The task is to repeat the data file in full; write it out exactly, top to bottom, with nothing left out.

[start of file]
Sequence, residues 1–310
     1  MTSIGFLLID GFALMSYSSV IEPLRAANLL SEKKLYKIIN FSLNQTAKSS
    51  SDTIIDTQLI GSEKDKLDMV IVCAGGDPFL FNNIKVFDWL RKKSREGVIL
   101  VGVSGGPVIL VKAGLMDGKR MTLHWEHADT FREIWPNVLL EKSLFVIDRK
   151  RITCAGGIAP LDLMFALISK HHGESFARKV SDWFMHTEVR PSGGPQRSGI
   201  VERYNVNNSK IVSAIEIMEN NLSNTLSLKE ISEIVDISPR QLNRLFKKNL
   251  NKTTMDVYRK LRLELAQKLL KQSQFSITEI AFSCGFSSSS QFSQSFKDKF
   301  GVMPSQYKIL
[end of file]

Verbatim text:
Sequence, residues 1–310
     1  MTSIGFLLID GFALMSYSSV IEPLRAANLL SEKKLYKIIN FSLNQTAKSS
    51  SDTIIDTQLI GSEKDKLDMV IVCAGGDPFL FNNIKVFDWL RKKSREGVIL
   101  VGVSGGPVIL VKAGLMDGKR MTLHWEHADT FREIWPNVLL EKSLFVIDRK
   151  RITCAGGIAP LDLMFALISK HHGESFARKV SDWFMHTEVR PSGGPQRSGI
   201  VERYNVNNSK IVSAIEIMEN NLSNTLSLKE ISEIVDISPR QLNRLFKKNL
   251  NKTTMDVYRK LRLELAQKLL KQSQFSITEI AFSCGFSSSS QFSQSFKDKF
   301  GVMPSQYKIL